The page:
A cold front is approaching the area and will impact our weather throughout the day today. This is going to be our main rain maker, but it could also lead to the possibility of some strong storms Friday evening, maybe a few severe storms.
Daytime: Spotty to scattered on and off showers at any point during the day. A few thunderstorms also possible. It will be rather mild but breezy for the day.
Evening: The strong line is expected to come through at some point between 5pm and midnight. These storms will likely be strong to severe and they will be capable of producing some strong wind gusts, possibly even severe and damaging winds, heavy rain and localized flooding, and lightning. This is why we have the First Alert Weather Day, so you know this is a day to really pay attention to the weather.
Severe Threat: For a storm to be considered severe, it needs winds over 60mph or hail larger that a quarter. Even if we don't have a severe storm, or we may have a few isolated severe storms, we could see winds that are just below severe. Meaning gusts can still be in the 40-50mph range and not be considered severe.
Damage to trees is more likely with winds at the 60mph threshold which is why it's used, but sub-severe winds can still cause some damage.
Tornado threat: While this remains low, it's not zero. Sometimes in these thunderstorm lines you can get what we would call brief spin-ups. Which would be weak, short lived tornadoes. The problem is, sometimes there may not be a tornado warning because they are either so brief and also these can be very difficult to detect. One thing to understand, is that damaging winds from thunderstorms is much more common. So winds of 60-80mph, whether it's from a tornado or a severe thunderstorm, it's all the same. It's going to create damage.
We have another risk for severe weather on Sunday. As a cold front crosses later in the evening, we will have yet another chance for potentially severe storms, heavy rain, strong or damaging winds, heavy rain and localized flooding. The flooding risk will be even higher after rain and storms on Friday and some on Saturday.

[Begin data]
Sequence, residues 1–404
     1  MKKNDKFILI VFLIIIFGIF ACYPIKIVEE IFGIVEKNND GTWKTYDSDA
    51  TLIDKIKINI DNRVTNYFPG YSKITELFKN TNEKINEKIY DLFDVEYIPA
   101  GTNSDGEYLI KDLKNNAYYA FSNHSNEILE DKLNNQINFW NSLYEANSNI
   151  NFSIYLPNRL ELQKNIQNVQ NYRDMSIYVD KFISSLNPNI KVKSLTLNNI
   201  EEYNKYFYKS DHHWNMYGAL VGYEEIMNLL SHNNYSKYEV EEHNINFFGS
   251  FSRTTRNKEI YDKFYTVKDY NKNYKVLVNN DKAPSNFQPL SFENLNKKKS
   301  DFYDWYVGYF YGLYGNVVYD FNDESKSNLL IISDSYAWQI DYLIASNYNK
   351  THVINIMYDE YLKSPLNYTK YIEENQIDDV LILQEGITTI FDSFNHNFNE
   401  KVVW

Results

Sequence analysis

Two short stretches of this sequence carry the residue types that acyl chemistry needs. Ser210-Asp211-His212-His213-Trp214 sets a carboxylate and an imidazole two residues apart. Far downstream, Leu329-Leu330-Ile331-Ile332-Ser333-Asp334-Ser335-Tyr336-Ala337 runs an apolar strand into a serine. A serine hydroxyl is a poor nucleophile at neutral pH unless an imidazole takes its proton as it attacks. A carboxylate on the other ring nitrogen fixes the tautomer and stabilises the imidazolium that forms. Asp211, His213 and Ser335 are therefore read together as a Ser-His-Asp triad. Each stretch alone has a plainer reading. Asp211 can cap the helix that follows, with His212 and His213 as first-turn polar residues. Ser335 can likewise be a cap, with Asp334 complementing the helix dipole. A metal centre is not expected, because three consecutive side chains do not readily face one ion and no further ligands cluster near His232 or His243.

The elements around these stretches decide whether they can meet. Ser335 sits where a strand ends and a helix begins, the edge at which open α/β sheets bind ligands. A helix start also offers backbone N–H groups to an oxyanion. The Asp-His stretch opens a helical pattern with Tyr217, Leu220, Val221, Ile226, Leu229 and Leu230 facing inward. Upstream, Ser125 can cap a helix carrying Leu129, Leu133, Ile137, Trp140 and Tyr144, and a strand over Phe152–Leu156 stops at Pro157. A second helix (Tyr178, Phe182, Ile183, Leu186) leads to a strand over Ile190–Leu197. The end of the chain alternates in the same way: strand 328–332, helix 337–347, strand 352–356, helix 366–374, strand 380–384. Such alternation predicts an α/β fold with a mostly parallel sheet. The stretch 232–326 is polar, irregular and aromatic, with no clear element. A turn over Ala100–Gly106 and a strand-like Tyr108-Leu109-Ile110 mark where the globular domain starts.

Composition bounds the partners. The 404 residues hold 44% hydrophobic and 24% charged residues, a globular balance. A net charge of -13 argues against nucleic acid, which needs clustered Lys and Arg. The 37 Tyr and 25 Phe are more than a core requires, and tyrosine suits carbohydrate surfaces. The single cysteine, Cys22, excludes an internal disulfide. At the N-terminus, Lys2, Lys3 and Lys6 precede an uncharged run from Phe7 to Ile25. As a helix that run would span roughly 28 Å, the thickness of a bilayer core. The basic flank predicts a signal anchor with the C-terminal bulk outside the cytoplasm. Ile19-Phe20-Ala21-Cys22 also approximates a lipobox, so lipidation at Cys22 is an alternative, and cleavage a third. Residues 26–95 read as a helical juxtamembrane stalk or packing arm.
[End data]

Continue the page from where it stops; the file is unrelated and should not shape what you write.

What should you do: Stay alert to the weather Friday evening. This is spring, storms and severe weather is common in the spring and summer. Our typical severe weather season can be from April through July. It's early in the season, but it's a good time to be reminded of your severe weather procedures:
Have at least 2 ways to get alerts. That can be on your phone, TV, or NOAA weather radio. Remember the WHSV weather app sends out weather alerts issued for your location, you may want to make sure you have the app and notifications turned on.
Where is your safe place when a tornado warning is issued? Have this plan with yourself, or your family. This can be a basement, or any interior room without windows. It might even be a closet. Cover your head.
TIP: Have sneakers, boots, or a sturdy shoe handy when we're expecting severe weather. A lot of injuries can happen after the storm. If there's damage, you don't want to be walking around barefoot or in sandals.
Have the WHSV weather app. It's free to download, you can receive all of your severe weather alerts and follow along with radar. We can also send you notifications when the storms have cleared the area or other important weather information.